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Exploring untold histories of racial violence along the Texas-Mexico border

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monica munoz
Courtesy of El Paso Public Library.
“Captured Insurrectos” (c 1910) by Otis A. Aultman. Photographers often staged scenes of “frontier” life in Texas, labeling Mexicans as bandits or revolutionaries, which made the border seem dangerous and in need of policing. These photographs also presumed the guilt of those in custody.

Texas historian Monica Martinez was recently awarded a MacArthur fellowship, known as the "genius grant," for her work uncovering and bringing to the forefront troubling truths about centuries-old killings along the Texas-Mexico border.

Martinez says that unearthing these untold histories of racial violence can help communities reckon with their past and work toward healing, and "help inspire a more inclusive and equitable future.”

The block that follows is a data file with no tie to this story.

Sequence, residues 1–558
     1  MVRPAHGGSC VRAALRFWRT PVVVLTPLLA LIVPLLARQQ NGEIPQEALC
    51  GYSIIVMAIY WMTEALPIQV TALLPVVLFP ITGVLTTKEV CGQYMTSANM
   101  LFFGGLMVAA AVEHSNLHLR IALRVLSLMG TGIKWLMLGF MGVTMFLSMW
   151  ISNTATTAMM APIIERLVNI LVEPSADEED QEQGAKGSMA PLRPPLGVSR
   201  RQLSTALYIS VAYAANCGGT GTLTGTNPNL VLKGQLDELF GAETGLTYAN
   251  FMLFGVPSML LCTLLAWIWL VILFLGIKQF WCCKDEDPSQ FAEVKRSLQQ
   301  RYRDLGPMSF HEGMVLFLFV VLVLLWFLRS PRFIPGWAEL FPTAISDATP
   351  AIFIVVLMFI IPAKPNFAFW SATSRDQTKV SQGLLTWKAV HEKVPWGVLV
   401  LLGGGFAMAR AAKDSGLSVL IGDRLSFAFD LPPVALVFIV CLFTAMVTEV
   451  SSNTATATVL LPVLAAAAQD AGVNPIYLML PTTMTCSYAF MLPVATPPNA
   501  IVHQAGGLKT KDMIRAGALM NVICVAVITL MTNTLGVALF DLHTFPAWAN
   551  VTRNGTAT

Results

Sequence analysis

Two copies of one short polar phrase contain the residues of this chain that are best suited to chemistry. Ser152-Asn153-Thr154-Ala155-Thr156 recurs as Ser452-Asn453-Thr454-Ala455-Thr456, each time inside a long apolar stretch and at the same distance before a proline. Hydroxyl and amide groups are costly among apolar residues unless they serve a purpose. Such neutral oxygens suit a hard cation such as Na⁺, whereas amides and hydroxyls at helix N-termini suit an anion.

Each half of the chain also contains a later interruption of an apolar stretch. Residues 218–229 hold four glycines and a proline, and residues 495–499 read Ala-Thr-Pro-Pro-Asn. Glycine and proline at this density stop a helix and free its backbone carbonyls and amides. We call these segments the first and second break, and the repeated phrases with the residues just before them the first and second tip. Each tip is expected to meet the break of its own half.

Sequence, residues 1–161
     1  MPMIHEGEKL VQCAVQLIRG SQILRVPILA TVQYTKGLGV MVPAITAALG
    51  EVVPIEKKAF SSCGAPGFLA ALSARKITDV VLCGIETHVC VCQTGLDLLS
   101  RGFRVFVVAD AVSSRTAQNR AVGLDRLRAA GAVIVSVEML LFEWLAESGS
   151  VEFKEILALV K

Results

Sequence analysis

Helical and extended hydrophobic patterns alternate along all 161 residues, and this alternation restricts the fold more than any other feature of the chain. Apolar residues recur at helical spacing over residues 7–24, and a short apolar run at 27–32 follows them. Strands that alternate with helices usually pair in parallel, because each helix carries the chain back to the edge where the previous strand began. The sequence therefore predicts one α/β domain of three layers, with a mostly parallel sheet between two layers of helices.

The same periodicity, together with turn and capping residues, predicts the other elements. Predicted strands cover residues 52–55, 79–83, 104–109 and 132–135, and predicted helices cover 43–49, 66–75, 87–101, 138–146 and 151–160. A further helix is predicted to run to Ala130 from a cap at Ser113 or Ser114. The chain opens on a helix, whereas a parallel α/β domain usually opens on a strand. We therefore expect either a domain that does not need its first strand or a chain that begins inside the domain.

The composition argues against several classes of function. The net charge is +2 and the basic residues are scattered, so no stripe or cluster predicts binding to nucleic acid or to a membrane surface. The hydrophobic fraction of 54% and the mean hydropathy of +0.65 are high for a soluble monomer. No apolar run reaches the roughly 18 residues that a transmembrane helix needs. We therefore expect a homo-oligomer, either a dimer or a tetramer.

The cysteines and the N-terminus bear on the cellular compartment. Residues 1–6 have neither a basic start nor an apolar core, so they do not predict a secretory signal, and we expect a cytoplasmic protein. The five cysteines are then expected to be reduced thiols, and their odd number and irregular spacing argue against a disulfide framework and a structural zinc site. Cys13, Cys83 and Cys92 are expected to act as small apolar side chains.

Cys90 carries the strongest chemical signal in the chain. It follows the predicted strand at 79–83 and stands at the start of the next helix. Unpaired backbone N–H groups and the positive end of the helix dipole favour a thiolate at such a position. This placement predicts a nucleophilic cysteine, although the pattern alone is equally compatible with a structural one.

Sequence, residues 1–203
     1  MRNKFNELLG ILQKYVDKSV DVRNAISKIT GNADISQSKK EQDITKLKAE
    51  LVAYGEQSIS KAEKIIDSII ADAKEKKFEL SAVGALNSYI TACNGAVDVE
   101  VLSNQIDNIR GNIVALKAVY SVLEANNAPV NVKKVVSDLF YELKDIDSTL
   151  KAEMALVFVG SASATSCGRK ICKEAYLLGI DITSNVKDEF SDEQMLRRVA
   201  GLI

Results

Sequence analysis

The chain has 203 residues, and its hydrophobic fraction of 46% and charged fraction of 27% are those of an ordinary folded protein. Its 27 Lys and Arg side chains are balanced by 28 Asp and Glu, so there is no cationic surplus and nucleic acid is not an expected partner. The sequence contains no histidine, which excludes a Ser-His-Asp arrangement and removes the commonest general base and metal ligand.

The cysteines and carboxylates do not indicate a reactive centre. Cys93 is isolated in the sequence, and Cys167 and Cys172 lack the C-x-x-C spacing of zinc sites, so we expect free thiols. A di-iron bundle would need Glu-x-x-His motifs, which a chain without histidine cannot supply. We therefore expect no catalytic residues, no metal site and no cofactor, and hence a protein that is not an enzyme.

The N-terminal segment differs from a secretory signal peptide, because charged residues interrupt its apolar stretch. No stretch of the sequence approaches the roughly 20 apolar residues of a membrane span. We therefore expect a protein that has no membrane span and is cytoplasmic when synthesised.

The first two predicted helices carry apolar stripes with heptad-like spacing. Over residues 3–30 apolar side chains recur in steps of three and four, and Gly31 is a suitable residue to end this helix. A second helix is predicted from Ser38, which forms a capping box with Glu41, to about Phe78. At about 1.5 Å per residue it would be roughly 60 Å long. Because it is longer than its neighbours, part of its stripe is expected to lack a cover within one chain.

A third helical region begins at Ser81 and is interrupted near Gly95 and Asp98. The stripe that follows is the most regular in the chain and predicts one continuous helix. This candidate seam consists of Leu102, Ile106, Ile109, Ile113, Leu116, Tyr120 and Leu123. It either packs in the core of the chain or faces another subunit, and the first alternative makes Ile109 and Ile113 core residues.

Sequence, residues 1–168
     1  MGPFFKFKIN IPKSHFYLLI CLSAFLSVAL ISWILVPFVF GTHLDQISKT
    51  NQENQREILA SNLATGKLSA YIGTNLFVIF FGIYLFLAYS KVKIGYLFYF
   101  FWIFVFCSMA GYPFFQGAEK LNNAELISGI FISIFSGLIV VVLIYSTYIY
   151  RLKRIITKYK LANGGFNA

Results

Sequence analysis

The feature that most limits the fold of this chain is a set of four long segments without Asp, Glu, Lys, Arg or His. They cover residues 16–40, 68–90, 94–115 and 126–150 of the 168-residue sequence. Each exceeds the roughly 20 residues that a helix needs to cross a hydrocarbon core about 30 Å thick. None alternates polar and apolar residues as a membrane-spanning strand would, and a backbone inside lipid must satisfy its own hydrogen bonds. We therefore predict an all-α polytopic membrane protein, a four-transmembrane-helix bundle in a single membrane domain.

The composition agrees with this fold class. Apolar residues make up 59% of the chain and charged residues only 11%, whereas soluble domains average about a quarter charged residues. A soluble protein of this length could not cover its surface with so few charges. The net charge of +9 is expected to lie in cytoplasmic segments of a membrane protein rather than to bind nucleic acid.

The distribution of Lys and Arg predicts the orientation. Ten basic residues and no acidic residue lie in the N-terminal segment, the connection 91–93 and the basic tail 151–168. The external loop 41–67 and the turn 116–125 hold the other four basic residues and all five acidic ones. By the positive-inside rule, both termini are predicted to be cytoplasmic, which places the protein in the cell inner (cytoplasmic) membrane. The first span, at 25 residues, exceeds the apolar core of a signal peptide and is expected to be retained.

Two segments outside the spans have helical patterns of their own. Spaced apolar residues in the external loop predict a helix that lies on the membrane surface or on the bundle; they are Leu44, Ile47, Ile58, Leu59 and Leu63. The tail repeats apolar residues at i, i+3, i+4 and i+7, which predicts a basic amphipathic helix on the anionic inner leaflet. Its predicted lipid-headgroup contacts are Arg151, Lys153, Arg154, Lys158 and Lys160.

Guest: Monica Muñoz Martinez, Ph.D., associate professor of history at the University of Texas at Austin, author of "The Injustice Never Leaves You: Anti-Mexican Violence in Texas," and founding member of the nonprofit Refusing to Forget

"The Source" is a live call-in program airing Mondays through Thursdays from 12-1 p.m. Leave a message before the program at (210) 615-8982. During the live show, call 833-877-8255, email thesource@tpr.org or tweet @TPRSource.

*This interview was recorded on Monday, October 12.

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